|May blossom: Hawthorn (Crataegus monogyna)|
May heralds the beginning of summer; warmer, longer days are stretching out ahead of us. Fresh, lush leaves add a dewy coolness to the world and seem to generate their own light even on a cloudy day. May-time is when I want to put household and garden chores aside, stand back and admire the most productive (the most reproductive) time of the year while it lasts, because May waits for no beast. Shakespeare encapsulated May perfectly with his enunciation that summer's lease hath all too short a date. Heinrich Heine also captured the ephemeral beauty of the season in his Book of Songs:
Sweet May hath come to love us,
Flowers, trees, their blossoms don;
And through the blue heavens above us
The very clouds move on.
(Heinrich Heine, 1797-1856)
May is a time of overwhelming beauty and yet a time of competition and conflict. The Song Thrush, Blackbird and Robin begin uttering their melodic battle-cries each morning even before daylight breaks; the botanic world spreads its fingers wide in competition for sunlight; predator and prey contend for the ultimate prize. Human beings are not exempt from Maytime revelry and rebellion: riotous May Day - May 1st - is International Workers' Day, the day upon which the class struggle is most boldly asserted, the day of dissent. F. Scott Fitzgerald's impressive novella May Day is set against a backdrop of the 1919 Cleveland May Day Riots. In Virginia Woolf's Night and Day the main character, Katharine, slowly thaws as winter's grip relaxes into spring, but it is not until May that she finally blossoms and loves. May is the month above all others to live, love and cherish life, but the clock is ticking...
We are all spinning headlong into summer; hay must be made whilst the sun shines. Everything is so green and so lush and so pregnant with adventure. The first brood of sparrows and starlings has already fledged, adding another layer to the cacophony. It is equally the most difficult and the easiest time of year to leave the mower in the shed and leave the daisies and clovers for another day to the bees and the butterflies. I am conflicted myself: the lure of the outdoors is strong and the ephemeral season needs to be taken notice of and indulged in during its zenith and enjoyed before it passes into the poppy-blush of high summer.
A walk during the final hour of daylight at this time of the year is a joyous, well-spent hour. Tonight, as I pass the last of the houses, there are abandoned chairs in front gardens which betray an idle afternoon in the sun, their owners now having retreated indoors. I have the Downs to myself and, as I make my way along paths quietening in the stilling air, Green and Common Carpet moths feint and feign their way across and through the wayside vegetation and blink back into obscurity. A Cuckoo calls somewhere down in the valley below and a pair of Kestrels share a staccato chorus somewhere in the middle distance. Lights in the cottages at nearby Norton become distinct in the gloom; the moon is waning and will not rise until an hour or two after sunset, but Mars blinks open its weary eye in the southern sky. As the light fades, so too does the white noise of the traffic and other sounds now become audible: lowing cattle in a nearby pasture, partridges sneezing their hoarse trilogy, ka-che-che ka-che-che ka-che-che. A Blackbird sings a pitch-perfect coda to the day. Then I hear several of its neighbours singing the same song in rounds as I move through the twilight. The day is slowly becoming becalmed and the milky cow parsley barely trembles in the near-calm air - air which carries the heavy scent of May-blossom.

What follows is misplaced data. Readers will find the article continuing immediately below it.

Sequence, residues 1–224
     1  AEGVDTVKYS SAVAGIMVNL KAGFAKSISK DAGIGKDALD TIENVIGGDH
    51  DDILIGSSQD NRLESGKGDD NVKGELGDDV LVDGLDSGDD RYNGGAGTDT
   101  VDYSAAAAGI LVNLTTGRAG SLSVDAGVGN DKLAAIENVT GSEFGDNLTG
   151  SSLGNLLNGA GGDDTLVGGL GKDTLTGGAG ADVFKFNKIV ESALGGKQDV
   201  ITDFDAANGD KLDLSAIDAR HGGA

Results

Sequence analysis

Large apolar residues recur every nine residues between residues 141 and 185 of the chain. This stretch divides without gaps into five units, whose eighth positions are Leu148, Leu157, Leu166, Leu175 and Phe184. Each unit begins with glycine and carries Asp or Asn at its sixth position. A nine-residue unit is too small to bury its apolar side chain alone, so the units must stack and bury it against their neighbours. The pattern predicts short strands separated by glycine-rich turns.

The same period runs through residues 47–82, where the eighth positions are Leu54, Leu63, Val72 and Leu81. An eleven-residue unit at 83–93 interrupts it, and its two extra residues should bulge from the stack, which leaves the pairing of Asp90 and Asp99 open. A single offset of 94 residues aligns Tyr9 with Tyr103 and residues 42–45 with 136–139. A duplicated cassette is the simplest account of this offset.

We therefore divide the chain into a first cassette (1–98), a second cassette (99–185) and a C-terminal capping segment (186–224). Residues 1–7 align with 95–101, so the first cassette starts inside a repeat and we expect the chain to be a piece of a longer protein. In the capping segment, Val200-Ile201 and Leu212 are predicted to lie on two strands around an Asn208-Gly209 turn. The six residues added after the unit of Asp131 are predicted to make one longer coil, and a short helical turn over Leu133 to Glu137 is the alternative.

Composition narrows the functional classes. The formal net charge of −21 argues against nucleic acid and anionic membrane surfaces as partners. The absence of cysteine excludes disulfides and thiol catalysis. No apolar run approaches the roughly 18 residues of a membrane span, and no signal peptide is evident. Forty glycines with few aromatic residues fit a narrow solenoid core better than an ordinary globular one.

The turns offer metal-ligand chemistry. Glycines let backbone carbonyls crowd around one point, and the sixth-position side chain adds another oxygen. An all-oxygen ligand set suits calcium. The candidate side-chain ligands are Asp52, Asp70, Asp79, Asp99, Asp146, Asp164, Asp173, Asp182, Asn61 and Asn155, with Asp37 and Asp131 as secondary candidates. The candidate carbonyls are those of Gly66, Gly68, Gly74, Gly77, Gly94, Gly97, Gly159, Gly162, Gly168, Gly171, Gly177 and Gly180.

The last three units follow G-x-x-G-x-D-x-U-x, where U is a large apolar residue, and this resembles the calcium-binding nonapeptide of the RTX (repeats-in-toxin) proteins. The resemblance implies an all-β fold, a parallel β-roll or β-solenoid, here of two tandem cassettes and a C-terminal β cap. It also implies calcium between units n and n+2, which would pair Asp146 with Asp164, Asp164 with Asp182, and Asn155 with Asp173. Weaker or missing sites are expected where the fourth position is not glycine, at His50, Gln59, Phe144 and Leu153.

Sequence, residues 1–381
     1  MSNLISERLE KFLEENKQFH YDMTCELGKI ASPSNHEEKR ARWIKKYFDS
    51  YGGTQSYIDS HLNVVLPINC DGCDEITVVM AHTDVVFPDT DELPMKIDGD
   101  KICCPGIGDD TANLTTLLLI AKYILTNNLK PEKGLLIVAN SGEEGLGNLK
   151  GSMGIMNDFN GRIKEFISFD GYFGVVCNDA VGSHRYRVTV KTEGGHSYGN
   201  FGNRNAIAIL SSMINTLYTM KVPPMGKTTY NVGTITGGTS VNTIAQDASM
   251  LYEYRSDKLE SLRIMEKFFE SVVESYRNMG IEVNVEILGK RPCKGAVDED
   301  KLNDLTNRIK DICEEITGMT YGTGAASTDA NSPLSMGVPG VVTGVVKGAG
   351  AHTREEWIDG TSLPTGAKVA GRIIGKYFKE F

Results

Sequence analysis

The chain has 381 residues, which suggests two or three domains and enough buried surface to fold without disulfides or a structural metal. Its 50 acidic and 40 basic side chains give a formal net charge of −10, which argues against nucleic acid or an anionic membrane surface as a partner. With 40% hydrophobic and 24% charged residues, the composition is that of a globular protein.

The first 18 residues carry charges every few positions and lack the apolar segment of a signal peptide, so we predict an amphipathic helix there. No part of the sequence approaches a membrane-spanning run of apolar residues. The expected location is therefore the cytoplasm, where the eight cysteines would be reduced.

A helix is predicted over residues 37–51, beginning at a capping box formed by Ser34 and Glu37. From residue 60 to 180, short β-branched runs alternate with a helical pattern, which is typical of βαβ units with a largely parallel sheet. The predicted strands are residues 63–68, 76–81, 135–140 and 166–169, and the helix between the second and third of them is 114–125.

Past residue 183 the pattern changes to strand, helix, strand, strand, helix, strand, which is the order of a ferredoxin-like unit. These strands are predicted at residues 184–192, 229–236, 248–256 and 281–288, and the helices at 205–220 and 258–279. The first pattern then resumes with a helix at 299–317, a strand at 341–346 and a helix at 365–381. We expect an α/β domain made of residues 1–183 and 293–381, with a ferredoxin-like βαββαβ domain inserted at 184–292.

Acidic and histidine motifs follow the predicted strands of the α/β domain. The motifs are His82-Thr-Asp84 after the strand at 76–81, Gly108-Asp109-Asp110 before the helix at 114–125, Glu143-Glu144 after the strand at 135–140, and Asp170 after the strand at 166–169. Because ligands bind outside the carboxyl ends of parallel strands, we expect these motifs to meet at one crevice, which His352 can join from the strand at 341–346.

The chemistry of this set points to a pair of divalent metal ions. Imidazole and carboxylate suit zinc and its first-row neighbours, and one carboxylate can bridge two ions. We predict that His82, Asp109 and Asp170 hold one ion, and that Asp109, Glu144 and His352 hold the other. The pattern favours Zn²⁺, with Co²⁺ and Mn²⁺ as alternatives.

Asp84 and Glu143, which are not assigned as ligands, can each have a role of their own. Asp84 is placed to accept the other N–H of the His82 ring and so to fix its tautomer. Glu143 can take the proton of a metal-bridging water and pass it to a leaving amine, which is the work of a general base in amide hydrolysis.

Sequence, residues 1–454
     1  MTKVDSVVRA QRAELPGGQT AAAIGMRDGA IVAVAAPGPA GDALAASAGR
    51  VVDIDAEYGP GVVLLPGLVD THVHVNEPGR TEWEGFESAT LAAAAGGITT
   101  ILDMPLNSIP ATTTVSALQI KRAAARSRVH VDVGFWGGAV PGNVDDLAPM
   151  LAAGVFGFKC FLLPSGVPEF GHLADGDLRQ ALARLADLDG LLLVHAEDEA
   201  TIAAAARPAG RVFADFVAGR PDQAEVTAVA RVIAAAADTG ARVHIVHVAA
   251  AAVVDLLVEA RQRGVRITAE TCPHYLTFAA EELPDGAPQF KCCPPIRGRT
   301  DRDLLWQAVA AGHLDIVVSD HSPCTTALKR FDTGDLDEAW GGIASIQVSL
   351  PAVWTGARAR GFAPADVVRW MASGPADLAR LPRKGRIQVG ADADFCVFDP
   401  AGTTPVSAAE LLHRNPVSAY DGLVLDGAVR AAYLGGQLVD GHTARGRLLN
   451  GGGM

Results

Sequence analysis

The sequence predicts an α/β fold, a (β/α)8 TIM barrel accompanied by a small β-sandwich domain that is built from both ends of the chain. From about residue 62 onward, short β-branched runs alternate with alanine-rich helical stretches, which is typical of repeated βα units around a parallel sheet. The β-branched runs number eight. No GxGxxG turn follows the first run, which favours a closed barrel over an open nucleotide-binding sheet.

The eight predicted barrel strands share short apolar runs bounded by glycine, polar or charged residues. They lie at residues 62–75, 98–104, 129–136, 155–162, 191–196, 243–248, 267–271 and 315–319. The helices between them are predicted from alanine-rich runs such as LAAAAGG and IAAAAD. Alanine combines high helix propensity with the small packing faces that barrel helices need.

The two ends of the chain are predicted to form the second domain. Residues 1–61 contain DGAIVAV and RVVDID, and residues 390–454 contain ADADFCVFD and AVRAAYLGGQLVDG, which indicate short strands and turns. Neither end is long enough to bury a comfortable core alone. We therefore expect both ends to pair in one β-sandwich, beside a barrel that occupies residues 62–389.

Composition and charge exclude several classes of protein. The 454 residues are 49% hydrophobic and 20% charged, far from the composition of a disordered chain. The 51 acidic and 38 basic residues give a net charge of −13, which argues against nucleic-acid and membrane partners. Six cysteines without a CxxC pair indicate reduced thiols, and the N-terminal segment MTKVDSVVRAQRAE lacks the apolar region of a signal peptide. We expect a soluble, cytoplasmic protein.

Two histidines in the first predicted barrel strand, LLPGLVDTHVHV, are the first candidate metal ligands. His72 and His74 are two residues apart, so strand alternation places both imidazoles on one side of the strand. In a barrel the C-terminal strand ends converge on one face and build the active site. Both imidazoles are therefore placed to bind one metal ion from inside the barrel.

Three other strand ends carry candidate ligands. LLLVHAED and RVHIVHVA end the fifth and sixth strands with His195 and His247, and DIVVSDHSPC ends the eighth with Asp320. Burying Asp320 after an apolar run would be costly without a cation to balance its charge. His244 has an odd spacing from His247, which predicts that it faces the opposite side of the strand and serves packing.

Yet not everything is bedded down: the Rookery at Bishopstone is still riotous. For once the dogs are silent as we approach the escarpment overlooking the roost and we sit and watch as riotous, raucous Rooks revel in May-time drunkenness amongst the Ash trees. The Rooks collect in numbers on the Norton Hill pasture before returning to the trees. They stagger like revellers hanging around in the street after kicking-out time. We observe quietly as they fly in a clamouring, intermittent stream, chessboard straight above the trees and falling at the last moment vertically and emphatically down onto their bough. I cannot tell if the whooping and yelling is the scolding of kin-folk decrying the late hour of their return or whether they are enjoined in a drunken moon-shine melody in celebration of the season. As the minutes pass even the Rooks settle down and only an occasional graa emits from the darkness of the trees.
The song of the Blackbird is now all that remains audible. It provides a satisfying cohesion which stitches together not only the beginning and end of each day but also each day to the next. We leave the rookery to its slumber and wander home to this favourite lullaby. Most of the trees and hedgerows and waysides have faded into darkness and silhouette, yet the cow parsley and May-blossom are phosphorescent in the gloaming, as though singing out: "This is our time and our time is short; not even the darkness shall dim our light!" Every path is enveloped in this white May Garland. It lights our way home along the familiar paths.
|Esperia sulphurella (Sulphur Tubic)|
|Sunlight through Sycamore leaves|
|Five-spot Burnet (Zygaena trifolii) larva|
|Dock Bug (Coreus marginatus)|
|Nomada bee, female|
|Small Blue (Cupido minimus)|
|Epiblema cirsiana (Knapweed Bell)|
|Cocksfoot Moths (Glyphipterix simpliciella) on a buttercup - sometimes a dozen to each flowerhead!|
|Anthophila fabriciana (Common Nettle-tap)|
|Common Carpet (Epirrhoe alternata)|
|Broad-bodied Chaser (Libellula depressa)|